Remember when Willy Wonka closed his factories to outsiders and replaced his entire workforce with an orange dwarf sweatshop because he was worried about rivals stealing his secrets? It turns out that Roald Dahl, the author of Charlie and the Chocolate Factory, was drawing upon the actual behavior of companies such as Nestle and Rowntree, who were well known for sending spies, posing as workers, into factories to steal trade secrets. As a result, both began to guard their chocolate making processes very carefully.
Toblerone and Nestle would have done well to follow suit. Remember when Forrest Mars went to Europe to begin his own chocolate empire? He simply got a job with Toblerone first, then with Nestle, learned all their secrets and got the hell out of there. Most importantly, he learned never to let outsiders into his factories. If he absolutely had to, he made visiting workers enter and leave by the same way and forced them to wear blindfolds.
"Hey, before I fill out my W-9 and whatnot, I just want to be sure: This is a fucking candy company, right?"
The paranoia came to a crescendo when a Nestle product called Magic (which they themselves ripped off from an Italian treat called Kinder Surprise) was forced off the market when the U.S. Government feared it would become a choking hazard. Certain that the Mars company was somehow behind this, Nestle chairman Helmut Maucher sent out his own spies, private detectives and winged monkeys, to get to the bottom of it.
Mars' executives were followed, conversations were eavesdropped upon, phone records were obtained and dumpsters were raided. Nestle agents were placed strategically all over a restaurant where executives were dining so someone would be certain to be within earshot of the conversation.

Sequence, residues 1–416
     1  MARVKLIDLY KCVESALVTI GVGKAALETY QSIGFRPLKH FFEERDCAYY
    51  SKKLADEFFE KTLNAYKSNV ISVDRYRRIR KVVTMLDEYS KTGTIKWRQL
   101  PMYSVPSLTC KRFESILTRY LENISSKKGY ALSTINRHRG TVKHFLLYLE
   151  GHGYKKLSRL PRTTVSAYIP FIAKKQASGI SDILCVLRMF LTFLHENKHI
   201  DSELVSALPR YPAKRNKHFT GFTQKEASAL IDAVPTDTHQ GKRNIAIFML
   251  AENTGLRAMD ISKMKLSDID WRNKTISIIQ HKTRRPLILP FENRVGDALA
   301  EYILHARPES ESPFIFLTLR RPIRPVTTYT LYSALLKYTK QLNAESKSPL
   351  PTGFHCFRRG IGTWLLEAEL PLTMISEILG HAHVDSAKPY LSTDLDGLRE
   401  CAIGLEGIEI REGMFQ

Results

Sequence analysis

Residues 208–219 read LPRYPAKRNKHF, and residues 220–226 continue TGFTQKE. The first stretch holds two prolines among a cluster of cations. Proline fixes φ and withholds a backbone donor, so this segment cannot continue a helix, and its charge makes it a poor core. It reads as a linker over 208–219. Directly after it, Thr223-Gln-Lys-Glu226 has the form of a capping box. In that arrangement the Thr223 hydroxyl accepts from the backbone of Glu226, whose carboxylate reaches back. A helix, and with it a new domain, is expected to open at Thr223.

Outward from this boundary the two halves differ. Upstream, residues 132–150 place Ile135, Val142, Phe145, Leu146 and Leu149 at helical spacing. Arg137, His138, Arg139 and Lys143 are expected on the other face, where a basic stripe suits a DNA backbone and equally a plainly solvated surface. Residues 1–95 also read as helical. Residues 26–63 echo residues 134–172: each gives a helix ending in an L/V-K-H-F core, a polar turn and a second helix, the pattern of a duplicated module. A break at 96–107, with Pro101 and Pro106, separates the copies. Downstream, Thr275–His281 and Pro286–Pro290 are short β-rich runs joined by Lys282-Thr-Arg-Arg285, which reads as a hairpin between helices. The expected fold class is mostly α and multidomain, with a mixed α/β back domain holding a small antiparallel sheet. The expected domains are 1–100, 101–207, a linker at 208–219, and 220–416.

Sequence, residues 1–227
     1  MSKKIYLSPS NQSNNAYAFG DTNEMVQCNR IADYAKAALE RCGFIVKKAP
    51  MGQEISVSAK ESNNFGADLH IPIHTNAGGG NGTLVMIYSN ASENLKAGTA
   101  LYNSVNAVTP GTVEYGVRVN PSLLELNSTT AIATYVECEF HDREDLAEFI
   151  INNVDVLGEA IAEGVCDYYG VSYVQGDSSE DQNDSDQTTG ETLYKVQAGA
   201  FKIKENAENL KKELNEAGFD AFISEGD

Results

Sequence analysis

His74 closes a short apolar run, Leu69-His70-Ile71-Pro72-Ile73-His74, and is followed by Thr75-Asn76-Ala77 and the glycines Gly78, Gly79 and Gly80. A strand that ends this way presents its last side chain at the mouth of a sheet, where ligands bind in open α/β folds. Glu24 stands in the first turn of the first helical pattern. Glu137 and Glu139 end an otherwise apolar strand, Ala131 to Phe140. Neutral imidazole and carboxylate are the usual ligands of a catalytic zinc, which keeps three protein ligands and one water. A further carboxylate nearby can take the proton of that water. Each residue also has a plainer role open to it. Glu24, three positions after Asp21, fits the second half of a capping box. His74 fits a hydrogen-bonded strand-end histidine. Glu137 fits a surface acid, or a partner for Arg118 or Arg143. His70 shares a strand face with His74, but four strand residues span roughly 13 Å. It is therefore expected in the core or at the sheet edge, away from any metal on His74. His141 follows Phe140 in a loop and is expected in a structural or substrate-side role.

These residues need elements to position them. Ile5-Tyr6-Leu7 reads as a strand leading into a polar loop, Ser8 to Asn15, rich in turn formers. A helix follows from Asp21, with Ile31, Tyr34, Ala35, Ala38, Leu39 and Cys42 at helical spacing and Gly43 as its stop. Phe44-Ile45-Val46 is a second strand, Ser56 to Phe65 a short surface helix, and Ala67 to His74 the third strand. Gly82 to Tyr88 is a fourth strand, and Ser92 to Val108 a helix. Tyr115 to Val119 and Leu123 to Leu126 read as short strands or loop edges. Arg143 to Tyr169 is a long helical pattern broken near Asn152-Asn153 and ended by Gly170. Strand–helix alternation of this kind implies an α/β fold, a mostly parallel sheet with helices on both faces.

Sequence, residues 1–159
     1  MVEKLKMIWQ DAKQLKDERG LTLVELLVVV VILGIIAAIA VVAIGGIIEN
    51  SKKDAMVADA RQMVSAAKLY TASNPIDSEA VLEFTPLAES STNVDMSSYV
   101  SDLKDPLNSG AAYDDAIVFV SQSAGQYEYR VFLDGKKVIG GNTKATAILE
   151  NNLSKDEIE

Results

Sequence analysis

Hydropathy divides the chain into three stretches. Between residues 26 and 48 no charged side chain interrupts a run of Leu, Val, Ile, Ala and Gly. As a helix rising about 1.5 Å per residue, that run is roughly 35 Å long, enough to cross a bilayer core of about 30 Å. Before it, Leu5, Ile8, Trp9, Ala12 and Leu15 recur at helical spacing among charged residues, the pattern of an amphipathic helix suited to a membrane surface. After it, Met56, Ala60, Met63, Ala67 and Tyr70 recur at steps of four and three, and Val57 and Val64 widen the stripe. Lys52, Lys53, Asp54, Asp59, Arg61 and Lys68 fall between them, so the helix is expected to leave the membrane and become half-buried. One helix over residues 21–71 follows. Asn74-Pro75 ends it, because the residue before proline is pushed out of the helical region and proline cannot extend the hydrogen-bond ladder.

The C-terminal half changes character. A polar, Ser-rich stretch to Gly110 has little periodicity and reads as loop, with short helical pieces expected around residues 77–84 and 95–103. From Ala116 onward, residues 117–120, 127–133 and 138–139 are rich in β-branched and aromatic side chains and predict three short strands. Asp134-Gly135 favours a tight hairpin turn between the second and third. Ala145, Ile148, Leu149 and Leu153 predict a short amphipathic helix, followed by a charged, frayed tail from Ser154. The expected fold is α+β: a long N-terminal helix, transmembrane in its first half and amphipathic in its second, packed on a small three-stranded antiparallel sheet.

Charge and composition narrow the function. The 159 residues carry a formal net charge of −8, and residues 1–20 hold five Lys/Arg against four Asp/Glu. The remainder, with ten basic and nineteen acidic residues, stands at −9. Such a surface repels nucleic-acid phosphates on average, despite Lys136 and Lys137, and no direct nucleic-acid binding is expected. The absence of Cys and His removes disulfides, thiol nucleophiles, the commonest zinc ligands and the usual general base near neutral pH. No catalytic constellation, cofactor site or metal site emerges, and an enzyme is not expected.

See if you can spot the Nestle spy in this picture.
Crazy, right? Not really. Mars actually was behind the death of the chocolate toy egg thing, and since Nestle had already lost millions on the product, Mars didn't really need to give a shit.
They've since come to terms, apparently. In 2008, federal regulators in Germany, Canada and the U.S. investigated several chocolate companies, including Hershey, Mars, Cadbury and Nestle, for price fixing.
Executives from rival companies, according to one affidavit, have been meeting in coffee shops since 2001 (or possibly earlier) in order to set prices, meaning we all probably paid too much for every candy bar this past decade. Motivating this uneasy alliance, most likely, was an increase in the cost of cacao and milk, and the more or less unchanged level of chocolate sales.
Or maybe they just like money.
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